Now, do the same with the projection of (0, 1) onto that line.
    Follow Math Help Forum on Facebook and Google+

  3. #3
    Senior Member x3bnm's Avatar
    Joined
    Nov 2009
    Posts
    308
    Thanks
    16
    Thank you sir for your kind help. That's the answer I was looking for. My problem was I was thinking this problem in a erroneous way. Again thanks for clearing that up.
    Follow Math Help Forum on Facebook and Google+

Similar Math Help Forum Discussions

  1. [SOLVED] M 2x2 matrices of C with standard basis.
    Posted in the Advanced Algebra Forum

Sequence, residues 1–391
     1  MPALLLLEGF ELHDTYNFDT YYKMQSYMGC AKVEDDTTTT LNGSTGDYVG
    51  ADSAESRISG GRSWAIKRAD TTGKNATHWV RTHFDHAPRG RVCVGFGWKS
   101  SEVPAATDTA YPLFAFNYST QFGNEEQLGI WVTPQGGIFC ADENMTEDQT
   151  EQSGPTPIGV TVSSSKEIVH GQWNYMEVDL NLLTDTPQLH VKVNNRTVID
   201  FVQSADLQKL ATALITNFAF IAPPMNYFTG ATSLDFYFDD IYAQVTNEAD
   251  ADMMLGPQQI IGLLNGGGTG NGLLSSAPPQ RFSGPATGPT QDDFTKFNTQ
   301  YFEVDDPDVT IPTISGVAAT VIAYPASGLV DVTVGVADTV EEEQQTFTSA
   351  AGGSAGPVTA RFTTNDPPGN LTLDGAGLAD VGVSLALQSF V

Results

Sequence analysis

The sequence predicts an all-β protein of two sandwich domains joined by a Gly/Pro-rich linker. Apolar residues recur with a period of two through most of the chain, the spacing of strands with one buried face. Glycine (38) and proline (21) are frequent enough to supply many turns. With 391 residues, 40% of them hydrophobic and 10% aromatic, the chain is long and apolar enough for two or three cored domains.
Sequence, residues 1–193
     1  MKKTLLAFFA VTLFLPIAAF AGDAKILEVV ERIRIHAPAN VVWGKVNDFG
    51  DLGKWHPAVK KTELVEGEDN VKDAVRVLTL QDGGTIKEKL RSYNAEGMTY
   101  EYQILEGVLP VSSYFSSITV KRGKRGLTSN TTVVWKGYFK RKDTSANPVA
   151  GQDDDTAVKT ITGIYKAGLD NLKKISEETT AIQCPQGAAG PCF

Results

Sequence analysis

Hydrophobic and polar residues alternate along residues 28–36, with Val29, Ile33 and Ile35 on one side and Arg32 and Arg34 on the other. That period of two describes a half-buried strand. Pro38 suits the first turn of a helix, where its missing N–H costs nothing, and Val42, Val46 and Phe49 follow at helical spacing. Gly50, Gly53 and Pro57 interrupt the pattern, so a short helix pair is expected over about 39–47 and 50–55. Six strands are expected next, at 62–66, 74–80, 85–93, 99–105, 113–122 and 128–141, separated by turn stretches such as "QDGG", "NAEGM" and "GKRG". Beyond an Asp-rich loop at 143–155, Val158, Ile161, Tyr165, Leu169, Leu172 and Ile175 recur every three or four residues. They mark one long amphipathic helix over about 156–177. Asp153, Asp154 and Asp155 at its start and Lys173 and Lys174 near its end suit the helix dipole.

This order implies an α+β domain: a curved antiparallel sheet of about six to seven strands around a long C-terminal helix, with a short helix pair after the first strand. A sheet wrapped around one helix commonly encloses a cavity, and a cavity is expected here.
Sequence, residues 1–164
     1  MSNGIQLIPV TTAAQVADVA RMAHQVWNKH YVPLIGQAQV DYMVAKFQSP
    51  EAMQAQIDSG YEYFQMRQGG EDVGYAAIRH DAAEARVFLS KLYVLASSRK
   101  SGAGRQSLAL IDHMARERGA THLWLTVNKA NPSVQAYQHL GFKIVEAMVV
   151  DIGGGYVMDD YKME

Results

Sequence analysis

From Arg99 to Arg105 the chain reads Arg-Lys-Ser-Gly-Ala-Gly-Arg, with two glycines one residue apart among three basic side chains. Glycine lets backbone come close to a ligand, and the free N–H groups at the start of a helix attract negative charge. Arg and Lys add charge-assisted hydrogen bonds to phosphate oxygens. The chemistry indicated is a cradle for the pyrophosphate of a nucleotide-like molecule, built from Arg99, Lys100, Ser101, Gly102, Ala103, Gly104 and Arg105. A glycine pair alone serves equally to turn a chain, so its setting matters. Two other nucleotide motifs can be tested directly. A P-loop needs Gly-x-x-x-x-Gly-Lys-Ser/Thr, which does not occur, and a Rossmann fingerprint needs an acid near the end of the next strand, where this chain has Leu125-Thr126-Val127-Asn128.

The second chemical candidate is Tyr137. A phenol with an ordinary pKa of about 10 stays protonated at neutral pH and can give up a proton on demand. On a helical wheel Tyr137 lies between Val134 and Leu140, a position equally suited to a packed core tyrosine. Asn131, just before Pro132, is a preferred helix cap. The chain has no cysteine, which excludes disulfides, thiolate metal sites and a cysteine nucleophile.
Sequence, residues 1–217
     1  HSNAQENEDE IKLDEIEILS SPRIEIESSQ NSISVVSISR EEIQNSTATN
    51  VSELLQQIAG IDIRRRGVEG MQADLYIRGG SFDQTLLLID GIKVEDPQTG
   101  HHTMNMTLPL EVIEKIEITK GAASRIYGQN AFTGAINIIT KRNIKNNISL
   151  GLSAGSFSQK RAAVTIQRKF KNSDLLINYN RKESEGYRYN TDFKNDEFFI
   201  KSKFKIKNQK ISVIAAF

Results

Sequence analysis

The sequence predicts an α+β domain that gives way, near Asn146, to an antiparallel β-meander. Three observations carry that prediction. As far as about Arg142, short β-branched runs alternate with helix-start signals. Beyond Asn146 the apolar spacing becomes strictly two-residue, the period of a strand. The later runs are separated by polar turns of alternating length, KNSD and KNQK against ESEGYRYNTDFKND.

Replies: 1
    Last Post: Nov 30th 2011, 12:25 AM
  2. standard basis
    Posted in the Advanced Algebra Forum
    Replies: 1
    Last Post: Oct 19th 2010, 07:12 AM
  3. standard matrix problem
    Posted in the Advanced Algebra Forum
    Replies: 0
    Last Post: Sep 27th 2009, 07:22 PM
  4. Standard matrix problem, please help
    Posted in the Advanced Algebra Forum
    Replies: 2
    Last Post: Sep 8th 2009, 04:59 AM
  5. Matrix with respect to the standard basis
    Posted in the Advanced Algebra Forum
    Replies: 0
    Last Post: Apr 26th 2009, 01:31 PM

/mathhelpforum @mathhelpforum